Writing is an art form, and a form that many have difficulty finding their footing in. There are so many worlds, characters, and plots to explore, and it’s so easy to get lost trying to tell a story. My advice is to go ahead and lose yourself, but here are seven books on writing to help guide the journey.
1. The Art and Craft of Storytelling by Nancy Lamb
The best place to start is, naturally, at the beginning, and that’s exactly where Nancy Lamb takes you in The Art and Craft of Storytelling. She covers structure, genre, theme, characters, and even writer’s block in this simple, but thorough guide. Lamb has an easy teacher’s tone that covers a writer’s territory with both wit and grace, but is never condescending. If you have never picked up a pen before now, or even need some reminders on the basics, this book is for you.
2. Bird by Bird by Anne Lamott
In my second creative writing class in college, the teacher’s assistant wholeheartedly and enthusiastically recommended this book. Funny, self-deprecating, but surprisingly profound, Anne Lamott hits several truths about writing seemingly without effort. Lamott has described the book as “Some instructions on writing and life,” and this description is spot on.
3. Writing Down the Bones by Natalie Goldberg
This book has, hands down, shaped my writing the most. Writing Down the Bones is self-explanatory in its title: while reading, you will be writing down your life and what you observe around you right away, in Zen-inspired bouts of writing practice. Goldberg is so encouraging and takes a conversational tone in the book, and it feels like she is teaching you in person while reading this book. I cannot recommend Writing Down the Bones enough to aspiring writers.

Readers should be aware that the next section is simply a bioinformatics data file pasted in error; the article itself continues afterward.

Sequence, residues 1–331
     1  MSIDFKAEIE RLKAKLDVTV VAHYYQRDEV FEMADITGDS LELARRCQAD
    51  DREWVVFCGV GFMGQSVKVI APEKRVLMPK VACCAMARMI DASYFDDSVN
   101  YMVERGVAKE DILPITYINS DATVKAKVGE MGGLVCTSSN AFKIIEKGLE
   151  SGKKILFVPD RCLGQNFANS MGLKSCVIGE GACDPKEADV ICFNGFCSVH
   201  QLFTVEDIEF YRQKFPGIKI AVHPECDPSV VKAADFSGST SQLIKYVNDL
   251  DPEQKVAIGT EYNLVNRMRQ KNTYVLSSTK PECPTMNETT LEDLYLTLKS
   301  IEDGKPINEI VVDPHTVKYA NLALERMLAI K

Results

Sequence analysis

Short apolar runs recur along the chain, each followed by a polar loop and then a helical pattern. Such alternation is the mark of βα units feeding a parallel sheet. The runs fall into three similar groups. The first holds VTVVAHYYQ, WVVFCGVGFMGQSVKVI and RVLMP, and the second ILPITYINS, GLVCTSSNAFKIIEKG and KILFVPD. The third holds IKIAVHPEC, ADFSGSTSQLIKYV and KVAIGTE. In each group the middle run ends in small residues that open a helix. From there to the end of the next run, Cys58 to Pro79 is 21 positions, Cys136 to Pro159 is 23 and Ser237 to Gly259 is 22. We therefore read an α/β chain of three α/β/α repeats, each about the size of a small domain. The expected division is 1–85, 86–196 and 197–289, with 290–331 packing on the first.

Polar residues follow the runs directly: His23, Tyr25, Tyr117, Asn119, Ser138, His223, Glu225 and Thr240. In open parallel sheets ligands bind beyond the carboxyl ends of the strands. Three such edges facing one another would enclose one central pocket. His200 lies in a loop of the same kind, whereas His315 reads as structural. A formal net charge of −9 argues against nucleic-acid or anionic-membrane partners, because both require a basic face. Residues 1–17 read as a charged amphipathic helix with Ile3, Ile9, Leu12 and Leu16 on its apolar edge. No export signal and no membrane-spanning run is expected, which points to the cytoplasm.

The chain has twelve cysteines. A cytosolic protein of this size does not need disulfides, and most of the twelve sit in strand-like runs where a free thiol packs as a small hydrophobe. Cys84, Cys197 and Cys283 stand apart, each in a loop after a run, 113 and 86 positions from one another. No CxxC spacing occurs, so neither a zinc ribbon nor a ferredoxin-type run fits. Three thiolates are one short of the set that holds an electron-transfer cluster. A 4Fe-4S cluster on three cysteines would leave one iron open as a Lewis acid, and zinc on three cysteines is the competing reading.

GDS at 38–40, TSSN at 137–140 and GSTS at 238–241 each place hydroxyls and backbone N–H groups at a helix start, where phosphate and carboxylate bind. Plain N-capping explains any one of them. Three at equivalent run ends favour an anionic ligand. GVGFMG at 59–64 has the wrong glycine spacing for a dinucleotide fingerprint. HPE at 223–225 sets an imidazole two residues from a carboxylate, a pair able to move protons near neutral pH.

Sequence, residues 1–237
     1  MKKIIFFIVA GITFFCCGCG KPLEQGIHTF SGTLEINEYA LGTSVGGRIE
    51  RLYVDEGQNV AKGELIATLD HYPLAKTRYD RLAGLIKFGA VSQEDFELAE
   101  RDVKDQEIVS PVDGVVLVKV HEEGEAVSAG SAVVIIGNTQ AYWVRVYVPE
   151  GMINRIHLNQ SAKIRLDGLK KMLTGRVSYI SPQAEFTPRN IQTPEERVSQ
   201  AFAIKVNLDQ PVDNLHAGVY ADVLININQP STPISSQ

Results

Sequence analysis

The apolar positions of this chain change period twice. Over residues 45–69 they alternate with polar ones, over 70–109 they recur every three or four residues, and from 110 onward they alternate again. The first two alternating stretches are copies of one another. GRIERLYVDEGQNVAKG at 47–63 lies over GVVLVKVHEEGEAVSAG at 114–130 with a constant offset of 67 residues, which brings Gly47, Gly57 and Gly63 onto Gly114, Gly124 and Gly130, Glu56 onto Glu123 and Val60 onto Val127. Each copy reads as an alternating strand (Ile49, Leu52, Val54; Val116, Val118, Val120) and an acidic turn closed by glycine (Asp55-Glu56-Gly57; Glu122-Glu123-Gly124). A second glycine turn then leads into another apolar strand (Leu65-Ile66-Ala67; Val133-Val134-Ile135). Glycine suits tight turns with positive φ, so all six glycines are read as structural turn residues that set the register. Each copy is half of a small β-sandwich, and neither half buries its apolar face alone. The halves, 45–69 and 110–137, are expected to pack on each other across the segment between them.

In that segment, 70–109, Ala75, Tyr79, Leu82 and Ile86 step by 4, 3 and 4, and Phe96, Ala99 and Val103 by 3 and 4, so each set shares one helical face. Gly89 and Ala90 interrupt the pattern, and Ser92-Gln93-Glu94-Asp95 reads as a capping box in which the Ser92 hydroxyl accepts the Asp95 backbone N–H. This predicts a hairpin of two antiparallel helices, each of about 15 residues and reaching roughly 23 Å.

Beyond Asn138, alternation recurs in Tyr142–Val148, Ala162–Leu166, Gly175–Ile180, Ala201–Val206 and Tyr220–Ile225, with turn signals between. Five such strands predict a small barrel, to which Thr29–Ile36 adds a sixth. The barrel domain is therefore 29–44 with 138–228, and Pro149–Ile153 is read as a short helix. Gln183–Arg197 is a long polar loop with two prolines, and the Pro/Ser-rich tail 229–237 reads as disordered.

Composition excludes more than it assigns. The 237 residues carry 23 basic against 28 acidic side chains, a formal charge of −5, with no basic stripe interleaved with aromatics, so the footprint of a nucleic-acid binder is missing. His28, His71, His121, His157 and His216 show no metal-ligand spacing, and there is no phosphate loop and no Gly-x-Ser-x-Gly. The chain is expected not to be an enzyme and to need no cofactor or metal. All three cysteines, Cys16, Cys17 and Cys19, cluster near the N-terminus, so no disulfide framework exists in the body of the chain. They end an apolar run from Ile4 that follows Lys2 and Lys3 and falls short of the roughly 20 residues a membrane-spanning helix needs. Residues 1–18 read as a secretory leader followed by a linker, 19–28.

4. Old Friend from Far Away by Natalie Goldberg
The sequel to Writing Down the Bones, released twenty years later, Natalie Goldberg continues her teachings about writing practice, and how to shape and build memoir in particular. Even writers who aren’t working on a memoir will get a lot out of this book, as it builds on the concepts Writing Down the Bones started.
5. Zen on the Art of Writing by Ray Bradbury
Anyone who has read Ray Bradbury’s Fahrenheit 451 knows Bradbury’s passion for reading, and anyone who has read Zen on the Art of Writing knows his passion for writing. This book is less of an instructional manual, and more of a series of essays about the passion and vigor the author has for writing. He covers his inspiration, writing process, and editing of his short stories, plays, and novels with all of his characteristic enthusiasm. It is impossible to not feel fired up about writing after reading this gem of a book.
6. The Pocket Muse by Monica Wood
The Pocket Muse is difficult to describe because it has so many different functions. It contains beautifully shot photographs and very short prompts for writing, but it also offers insights on the difficulties of writing. Wood covers subjects from editing to jealousy in this little, pocket-sized book, (hence the name!) and it packs a lot of punch.
7. 3 A.M. Epiphany by Brian Kiteley
The 3 A.M. Epiphany is a book of writing exercises, but it’s far from ordinary. These exercises are meant to be short, but access traits of your writing that are most likely lacking or weak. At the very least, these exercises make you think. Their goal is to strengthen the subconscious mind, so that you carry these lessons in your writing wherever you go. I often use this book in between writing projects, to help inspire new ideas and so that I stay in practice.
What about you? What instructional books have shaped your writing?
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Featured image via Film Escape